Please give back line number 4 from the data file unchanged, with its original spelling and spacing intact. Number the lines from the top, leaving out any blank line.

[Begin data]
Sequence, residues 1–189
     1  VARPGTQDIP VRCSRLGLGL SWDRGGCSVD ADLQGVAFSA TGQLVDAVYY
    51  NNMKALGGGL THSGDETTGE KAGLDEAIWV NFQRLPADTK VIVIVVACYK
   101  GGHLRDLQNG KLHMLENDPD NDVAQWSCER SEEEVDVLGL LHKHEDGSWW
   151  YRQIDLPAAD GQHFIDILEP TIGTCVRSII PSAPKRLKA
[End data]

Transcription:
   101  GGHLRDLQNG KLHMLENDPD NDVAQWSCER SEEEVDVLGL LHKHEDGSWW